The Brezza comes with clean & proportionate styling that would please most of the buyers. A review is helpful when it lists down both the pros and cons of a vehicle. So I am going to do just that, enjoy:
• An all-rounded compact SUV. A neutral package at the right price
• Clean & proportionate styling. Dual-tone paint shades look nice
• Well-mannered suspension riding on big 215/60 R16 tyres. 198 mm of GC!
• Good cabin space for a sub-4 meter car. Lots of storage & a powerful air-con too
• 1.3L 89 BHP diesel is quick as well as fuel-efficient
• Driver airbag is standard. ABS + EBD and passenger airbag are available on every variant
• Features: Cruise control, touchscreen ICE with navigation, auto headlamps & wipers, projector headlamps & LEDs, reversing camera etc.
• Maruti's excellent after-sales support network
• No petrol engine or automatic offered. Boosterjet turbo-petrol is still sometime away
• Ordinary interior quality. EcoSport has better quality & a more solid build
• Missing features vs cheaper Baleno (bi-xenons, telescopic steering, auto-dimming IRVM, leather steering)
• Diesel engine has some turbo-lag below 2,000 rpm (though not excessive)
• Boot has a practical layout, but is still the smallest in the segment at 328 liters
• Forget LDi, even VDi is basic & poorly equipped. ZDi & ZDi+ are the only recommended variants
• Waiting periods rapidly closing in on 6 months.
The Brezza comes with the Fiat sourced, 1.3L, DOHC, 4-cylinder diesel with a variable geometry turbo (VGT) that we've seen in the S-Cross, Ertiga and Ciaz. The power and torque figures are familiar i.e. 89 BHP @ 4,000 rpm and 200 Nm of torque @ 1,750 rpm. Because of the Vitara Brezza's kerb weight, Maruti decided to give it the higher state of tune (not 74 BHP like the Swift & Baleno).
Press the clutch, hit the engine start / stop button to fire her up and there's no getting away from the fact that she's an oil-burner. Vibrations at start-up are well managed, albeit you'll always know she's a diesel thanks to the familiar clatter. Rev it and the diesel gets audible inside the cabin. There's no comparing it to the refined Hyundai 1.4L CRDi (as an example).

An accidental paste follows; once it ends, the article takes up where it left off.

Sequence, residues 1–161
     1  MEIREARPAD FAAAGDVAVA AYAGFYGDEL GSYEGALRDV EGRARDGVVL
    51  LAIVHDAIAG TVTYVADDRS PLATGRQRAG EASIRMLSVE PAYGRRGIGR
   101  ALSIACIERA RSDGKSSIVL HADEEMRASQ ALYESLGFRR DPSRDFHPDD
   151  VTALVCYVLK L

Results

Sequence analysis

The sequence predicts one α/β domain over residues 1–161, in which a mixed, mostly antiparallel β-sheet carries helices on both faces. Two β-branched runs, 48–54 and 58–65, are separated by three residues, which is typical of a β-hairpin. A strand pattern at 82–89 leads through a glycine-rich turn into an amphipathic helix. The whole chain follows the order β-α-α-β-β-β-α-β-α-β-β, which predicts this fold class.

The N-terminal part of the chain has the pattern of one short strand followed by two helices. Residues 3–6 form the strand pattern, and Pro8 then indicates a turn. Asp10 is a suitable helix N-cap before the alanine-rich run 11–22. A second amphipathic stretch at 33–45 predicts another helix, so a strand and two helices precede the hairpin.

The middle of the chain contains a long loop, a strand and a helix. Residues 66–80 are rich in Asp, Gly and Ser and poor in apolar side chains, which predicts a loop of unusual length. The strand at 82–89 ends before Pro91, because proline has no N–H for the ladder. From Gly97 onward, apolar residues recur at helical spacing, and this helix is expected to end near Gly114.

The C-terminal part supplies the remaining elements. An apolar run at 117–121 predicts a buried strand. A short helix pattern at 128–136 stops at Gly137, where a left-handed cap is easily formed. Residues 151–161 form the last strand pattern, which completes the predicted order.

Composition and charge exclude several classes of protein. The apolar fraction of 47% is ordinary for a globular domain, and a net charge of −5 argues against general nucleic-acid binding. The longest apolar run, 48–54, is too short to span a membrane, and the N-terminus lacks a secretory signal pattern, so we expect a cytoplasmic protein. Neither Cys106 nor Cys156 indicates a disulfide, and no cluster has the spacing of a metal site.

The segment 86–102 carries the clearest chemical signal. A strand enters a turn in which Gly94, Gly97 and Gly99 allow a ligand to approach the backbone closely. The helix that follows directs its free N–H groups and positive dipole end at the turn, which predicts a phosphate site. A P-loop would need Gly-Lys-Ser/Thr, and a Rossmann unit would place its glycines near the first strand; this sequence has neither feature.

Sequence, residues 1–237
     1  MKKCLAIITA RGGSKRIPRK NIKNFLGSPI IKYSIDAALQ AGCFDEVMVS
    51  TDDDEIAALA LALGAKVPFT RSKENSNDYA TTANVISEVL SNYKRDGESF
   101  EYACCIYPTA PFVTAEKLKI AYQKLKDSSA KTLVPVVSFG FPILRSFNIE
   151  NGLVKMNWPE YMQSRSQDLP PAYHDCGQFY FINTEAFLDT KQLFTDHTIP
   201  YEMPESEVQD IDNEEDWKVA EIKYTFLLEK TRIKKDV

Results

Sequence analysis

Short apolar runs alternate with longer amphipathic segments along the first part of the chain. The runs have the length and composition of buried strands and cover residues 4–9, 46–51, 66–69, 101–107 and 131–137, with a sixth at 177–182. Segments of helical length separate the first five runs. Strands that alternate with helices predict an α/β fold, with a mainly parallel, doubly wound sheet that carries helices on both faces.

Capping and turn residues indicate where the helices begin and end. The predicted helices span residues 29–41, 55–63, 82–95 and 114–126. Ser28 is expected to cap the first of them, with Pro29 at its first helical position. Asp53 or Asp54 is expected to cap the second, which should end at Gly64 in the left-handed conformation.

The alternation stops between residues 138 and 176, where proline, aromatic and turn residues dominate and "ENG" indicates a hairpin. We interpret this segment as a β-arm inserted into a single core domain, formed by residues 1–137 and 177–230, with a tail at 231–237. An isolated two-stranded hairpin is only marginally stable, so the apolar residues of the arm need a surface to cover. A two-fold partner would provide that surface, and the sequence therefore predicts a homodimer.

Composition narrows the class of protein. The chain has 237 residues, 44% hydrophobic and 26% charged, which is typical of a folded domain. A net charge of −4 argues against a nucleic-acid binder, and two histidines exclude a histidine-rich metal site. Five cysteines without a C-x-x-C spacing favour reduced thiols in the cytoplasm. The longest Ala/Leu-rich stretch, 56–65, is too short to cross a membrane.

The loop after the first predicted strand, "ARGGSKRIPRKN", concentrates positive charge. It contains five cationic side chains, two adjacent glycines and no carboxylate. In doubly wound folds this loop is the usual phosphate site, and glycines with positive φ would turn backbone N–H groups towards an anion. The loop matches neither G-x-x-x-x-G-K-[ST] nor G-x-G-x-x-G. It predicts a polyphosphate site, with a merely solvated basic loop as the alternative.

If you've driven an Ertiga, you've pretty much experienced the Vitara Brezza. Their behaviour has a lot in common and perhaps, that's a good thing for those upgrading from the Swift / Dzire as there's no learning curve. At low rpms and within the city, the 89 BHP diesel does have some amount of turbo-lag. It isn't excessive though, nor is the engine dead below 2,000 rpm like the Duster 110 FWD used to be. Things are acceptable in the 1,500 - 1,800 revv range and you can still push on in the same gear. It didn't bother us at all and we were happily driving the Vitara Brezza around in Pune traffic. However, when the revv needle drops too low or you need instant punch, you'll have to downshift. No two sides to that. Driveability isn't as good as the EcoSport 1.5L diesel which offers stronger low-end torque & linear power delivery. You'll also be downshifting more when climbing up mountain roads where the lag can catch you out, as we discovered on the beautiful Khambatki Ghat.
Open-road acceleration is adequate, but not exciting. Once the turbo is spooling, there is a noticeable spike and you'll find the mid-range to be punchy. Highway performance is competent - overtaking is easy as long as the revv needle is hovering over 2,000 rpm (else you need to downshift). The high seating position helps too, giving the driver excellent visibility. This 1.3L diesel is free-revving in nature and willing to go beyond 5,000 rpm when you need to hold a gear. In terms of cruisability, 100 km/h in 5th gear sees the tacho kiss 2,400 rpm, while 120 km/h comes up at ~2,900 rpm. Not as relaxed as the EcoSport diesel which does the same speeds at 2,100 rpm & 2,500 rpm (respectively). Still, the engine is inaudible when cruising at 100 km/h and you won't even know it's a diesel under the hood. While the Vitara Brezza is no speeding rocket, it can be a decent inter-city traveller. Equally, we might add, the SUV is more suited to those with a calm driving style than enthusiasts. Let's see if the boosterjet turbo-petrol changes that.
The 1.3L diesel is known for its efficiency and it's no different under the hood of the Vitara Brezza. The ARAI rating is 24.3 km/l. Its fuel-economy should keep owners happy.
The NVH package is strictly average, and you aren't aloof from the world outside or even the engine. The diesel's clatter can be heard at idle and on the move too, even if the air-con and music system are running. Within the city at low rpms, things are alright. As the rpm needle climbs, it's far from being whisper quiet. There is a fair amount of wind & road noise that filters into the cabin. On the other hand, vibration and harshness levels are well under control.
The 5-speed gearbox is the same as the Ciaz / Ertiga and behaves the same too. The gates are properly defined and the lever is sure slotting. It's a good gearbox to use, even if it's not the slickest of units around. The clutch is light enough. The pedal has just the right amount of weight and is never cumbersome to use (stating this after spending several hours in crawling Pune traffic).
Ride quality is compliant at the front & rear and the SUV handles uneven roads well, you'll definitely feel the firmness of the suspension on slow speeds.
Service intervals = 1 month / 1,000 km (1st service), 6 months / 5,000 km (2nd service), 12 months / 10,000 km (3rd service and all those after that).
Standard warranty is for 2 years / 40,000 km. Extendable to the 4th year.
To summarize, the Vitara Brezza is a neutral all-rounder in its segment. It does most of the things right, without excelling in any single area....equally, nit does not even have a serious deal breaker. It is also backed by a 'can't go wrong' brand and is thus a successful formula.
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